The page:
The plans MedicareAdvantage They are offered through private insurers. In this case, it is the insurance companies that establish the premiums, not the federal government, as it happens in Parts A, B and D of the plan. Depending on the insurer and what the policy covers, one could pay more or less for a Medicare Advantage plan.. These plans are offered by private companies pre-approved by Medicare instead of the Federal government.

These plans generally cover the same costs as the Original Medicare program., along with Part D drug coverage. Some plans may also extend your coverage to include costs associated with vision, dental, and hearing.

Save beyond your retirement plan

Think that covering the increased costs of medical care you will need in the future does not have to harm your retirement savings. Setting aside your plan, there are still ways to prepare and so create a safety net that allows you not to touch this money. Which?

The first would be opening a health savings account or HSA. This type of account is available for High Deductible Health Plans (HDHP) and will offer you several tax benefits: deductible contributions, tax-deferred growth, and tax-free withdrawals for qualified medical expenses.

In other words, the funds in your HSA can be used to pay certain medical premiums, including Medicare and your long-term care insurance. Those who are already over 50 years of age can even maximize the benefits of these plans. For example, taking advantage of the contributions to catch up and continue adding with the contributions that fall on your employer.

For 2020, the regular HSA contribution limit is $3,550 for individual coverage and $7,100 for family coverage. These limits apply to both employee and employer contributions., that is, to the combined contributions.

Warning: People enrolled in Medicare can no longer make new contributions to an HSA account.

Purchase long-term care insurance

Purchasing a long-term care insurance policy will be another way to protect your retirement income while also filling that gap left by Medicare. This type of policy can give you access to a monthly benefit so that you are able to attend to your health problems for a period of 2-3 years, which -for sure- will help you avoid spending more money out of your own pocket.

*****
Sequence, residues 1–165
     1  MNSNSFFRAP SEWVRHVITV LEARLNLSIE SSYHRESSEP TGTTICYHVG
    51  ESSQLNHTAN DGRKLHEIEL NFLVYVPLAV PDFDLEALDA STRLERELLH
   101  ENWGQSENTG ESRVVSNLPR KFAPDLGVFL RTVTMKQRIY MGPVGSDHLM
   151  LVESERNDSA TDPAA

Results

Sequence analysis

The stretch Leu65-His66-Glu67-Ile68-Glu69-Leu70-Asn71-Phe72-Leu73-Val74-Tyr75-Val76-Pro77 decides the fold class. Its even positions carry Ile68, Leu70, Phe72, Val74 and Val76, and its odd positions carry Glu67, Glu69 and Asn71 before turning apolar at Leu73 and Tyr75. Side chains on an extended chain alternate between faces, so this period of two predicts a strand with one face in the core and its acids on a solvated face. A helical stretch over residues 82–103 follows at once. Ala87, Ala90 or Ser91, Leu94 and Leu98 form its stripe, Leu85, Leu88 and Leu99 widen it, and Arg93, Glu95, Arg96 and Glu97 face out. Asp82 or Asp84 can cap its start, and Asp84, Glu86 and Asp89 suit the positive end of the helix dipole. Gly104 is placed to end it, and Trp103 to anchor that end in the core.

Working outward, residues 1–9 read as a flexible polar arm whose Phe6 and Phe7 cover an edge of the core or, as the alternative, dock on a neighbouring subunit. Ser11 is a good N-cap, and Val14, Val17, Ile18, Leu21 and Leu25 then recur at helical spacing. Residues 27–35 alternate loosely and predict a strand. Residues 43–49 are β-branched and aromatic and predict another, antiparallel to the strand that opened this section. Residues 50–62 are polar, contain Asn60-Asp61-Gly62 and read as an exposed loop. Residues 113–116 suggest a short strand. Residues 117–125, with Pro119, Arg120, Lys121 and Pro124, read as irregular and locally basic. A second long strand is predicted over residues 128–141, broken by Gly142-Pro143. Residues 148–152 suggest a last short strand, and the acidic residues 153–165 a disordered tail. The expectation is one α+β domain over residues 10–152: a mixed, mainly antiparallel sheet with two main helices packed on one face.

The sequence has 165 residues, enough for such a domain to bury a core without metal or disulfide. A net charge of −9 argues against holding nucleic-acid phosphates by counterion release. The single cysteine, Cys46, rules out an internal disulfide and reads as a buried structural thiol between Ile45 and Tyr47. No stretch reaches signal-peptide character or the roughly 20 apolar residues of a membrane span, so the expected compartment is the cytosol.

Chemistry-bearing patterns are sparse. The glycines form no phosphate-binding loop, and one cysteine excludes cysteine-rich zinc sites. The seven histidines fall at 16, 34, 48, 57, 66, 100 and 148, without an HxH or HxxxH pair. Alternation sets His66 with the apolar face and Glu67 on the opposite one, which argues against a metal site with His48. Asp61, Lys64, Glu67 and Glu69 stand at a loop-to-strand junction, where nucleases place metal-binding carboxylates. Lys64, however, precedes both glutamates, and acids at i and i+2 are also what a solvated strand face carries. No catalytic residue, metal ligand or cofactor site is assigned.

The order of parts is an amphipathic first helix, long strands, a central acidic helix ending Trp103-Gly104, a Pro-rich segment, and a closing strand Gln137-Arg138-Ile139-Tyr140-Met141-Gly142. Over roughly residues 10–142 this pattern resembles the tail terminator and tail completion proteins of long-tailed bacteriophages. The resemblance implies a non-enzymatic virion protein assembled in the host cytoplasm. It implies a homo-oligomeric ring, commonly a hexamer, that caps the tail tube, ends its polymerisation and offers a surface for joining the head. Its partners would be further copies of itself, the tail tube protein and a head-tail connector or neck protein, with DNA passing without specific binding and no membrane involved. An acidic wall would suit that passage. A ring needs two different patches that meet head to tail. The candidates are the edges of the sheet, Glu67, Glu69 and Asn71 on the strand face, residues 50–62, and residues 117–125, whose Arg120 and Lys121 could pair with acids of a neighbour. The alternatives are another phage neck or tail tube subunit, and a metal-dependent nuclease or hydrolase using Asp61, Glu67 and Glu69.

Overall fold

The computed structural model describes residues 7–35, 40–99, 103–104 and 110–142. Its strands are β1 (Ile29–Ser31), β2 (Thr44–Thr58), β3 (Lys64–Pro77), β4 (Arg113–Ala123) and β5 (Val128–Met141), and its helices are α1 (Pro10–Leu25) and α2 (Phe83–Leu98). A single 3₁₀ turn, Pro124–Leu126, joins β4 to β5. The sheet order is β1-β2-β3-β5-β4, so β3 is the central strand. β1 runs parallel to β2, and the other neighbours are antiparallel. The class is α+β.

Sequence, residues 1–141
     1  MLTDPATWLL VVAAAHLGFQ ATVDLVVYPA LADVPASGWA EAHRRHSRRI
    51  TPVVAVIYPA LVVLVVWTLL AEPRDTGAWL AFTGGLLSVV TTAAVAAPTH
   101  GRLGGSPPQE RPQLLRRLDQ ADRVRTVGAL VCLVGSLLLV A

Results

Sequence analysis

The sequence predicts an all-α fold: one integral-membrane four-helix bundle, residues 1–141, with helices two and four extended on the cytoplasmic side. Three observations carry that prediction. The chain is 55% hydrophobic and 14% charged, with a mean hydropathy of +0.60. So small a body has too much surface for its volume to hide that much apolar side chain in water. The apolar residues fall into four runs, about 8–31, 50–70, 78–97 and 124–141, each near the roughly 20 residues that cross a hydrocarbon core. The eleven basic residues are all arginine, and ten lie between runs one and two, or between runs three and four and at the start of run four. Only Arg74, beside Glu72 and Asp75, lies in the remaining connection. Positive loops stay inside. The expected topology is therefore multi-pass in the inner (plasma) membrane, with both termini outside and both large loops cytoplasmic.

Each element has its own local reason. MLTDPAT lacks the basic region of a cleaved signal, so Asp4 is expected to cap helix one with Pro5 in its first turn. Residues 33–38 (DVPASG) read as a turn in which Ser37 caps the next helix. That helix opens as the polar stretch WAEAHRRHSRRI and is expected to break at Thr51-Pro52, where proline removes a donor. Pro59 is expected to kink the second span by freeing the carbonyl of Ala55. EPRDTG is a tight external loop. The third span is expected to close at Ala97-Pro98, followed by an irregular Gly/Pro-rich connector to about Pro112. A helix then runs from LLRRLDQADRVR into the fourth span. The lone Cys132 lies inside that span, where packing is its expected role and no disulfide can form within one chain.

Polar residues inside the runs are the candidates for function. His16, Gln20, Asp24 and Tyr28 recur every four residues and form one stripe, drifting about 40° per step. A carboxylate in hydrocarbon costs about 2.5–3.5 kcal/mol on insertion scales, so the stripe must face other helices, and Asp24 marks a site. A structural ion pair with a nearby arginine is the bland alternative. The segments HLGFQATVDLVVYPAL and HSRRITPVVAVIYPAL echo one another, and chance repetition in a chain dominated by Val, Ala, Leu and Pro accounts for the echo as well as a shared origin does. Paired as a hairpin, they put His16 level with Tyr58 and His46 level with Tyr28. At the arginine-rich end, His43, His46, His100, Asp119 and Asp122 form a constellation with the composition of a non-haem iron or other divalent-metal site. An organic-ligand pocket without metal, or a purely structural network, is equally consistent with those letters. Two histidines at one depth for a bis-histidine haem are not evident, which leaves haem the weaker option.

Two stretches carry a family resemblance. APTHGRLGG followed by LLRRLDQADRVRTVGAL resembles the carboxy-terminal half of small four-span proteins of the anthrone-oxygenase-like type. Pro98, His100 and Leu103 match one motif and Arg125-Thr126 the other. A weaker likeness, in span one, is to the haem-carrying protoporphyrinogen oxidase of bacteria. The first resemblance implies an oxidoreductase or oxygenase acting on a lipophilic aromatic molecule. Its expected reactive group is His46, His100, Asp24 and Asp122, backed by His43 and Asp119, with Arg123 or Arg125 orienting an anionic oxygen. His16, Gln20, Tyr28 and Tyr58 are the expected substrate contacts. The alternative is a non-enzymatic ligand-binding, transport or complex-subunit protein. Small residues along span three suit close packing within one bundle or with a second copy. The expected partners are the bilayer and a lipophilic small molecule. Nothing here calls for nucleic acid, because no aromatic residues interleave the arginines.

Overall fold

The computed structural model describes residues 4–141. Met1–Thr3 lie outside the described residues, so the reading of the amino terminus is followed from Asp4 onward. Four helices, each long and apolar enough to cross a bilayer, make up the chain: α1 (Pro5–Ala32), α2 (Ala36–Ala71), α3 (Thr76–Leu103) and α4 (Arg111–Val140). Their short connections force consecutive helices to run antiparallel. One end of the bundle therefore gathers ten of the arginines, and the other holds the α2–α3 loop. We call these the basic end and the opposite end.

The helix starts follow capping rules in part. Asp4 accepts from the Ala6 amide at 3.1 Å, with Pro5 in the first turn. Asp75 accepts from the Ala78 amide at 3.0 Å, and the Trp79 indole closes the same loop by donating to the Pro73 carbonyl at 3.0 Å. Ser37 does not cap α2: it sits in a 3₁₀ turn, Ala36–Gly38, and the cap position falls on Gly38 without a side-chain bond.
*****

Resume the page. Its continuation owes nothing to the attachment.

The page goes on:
Long-term care insurance premiums are not as affordable for everyone. If this is the case for you, you could take Gerstman’s advice, which is to purchase a life insurance policy that has a rider for the insurer to cover long-term care expenses, if required.

This allows younger people to get involved early in their retirement planning.. In addition, it would also reduce the amount and number of premiums that will have to be paid to enjoy both benefits.

In short, how do you plan for medical expenses when you retire?

Health care expenses not only make up a significant chunk of your budget now, but also after you reach retirement age. In fact, a retiree’s healthcare bills can skyrocket as the years go by.. Estimating these costs early and preparing for them will help you further preserve the assets you receive during your retirement years. When doing so, remember that:

  • A newly retired 65-year-old couple in the United States will need $285,000 or more to cover their medical expenses after retirement.
  • On average, those over 65 years of age spend $3,800 per month, an amount that exceeds what you will receive from Social Security. Remember that the income you will get from the SSA is equal to 40% of the money you generated during your working life.
  • Medicare may pay for some of the health care you’ll need in retirement, but federal insurance won’t cover the cost of medications without having the formulary policy outlined in Part D active.

Our recommendation? Analyze your financial and health situation very well, and make time to plan your medical expenses for when you retire. You can choose to purchase long-term health care insurance or life insurance that includes a specific clause to cover medical expenses caused by chronic conditions.

Prefer to MedicareAdvantage or open one health savings account They would also be valid options that will help you enjoy a peaceful old age without setbacks.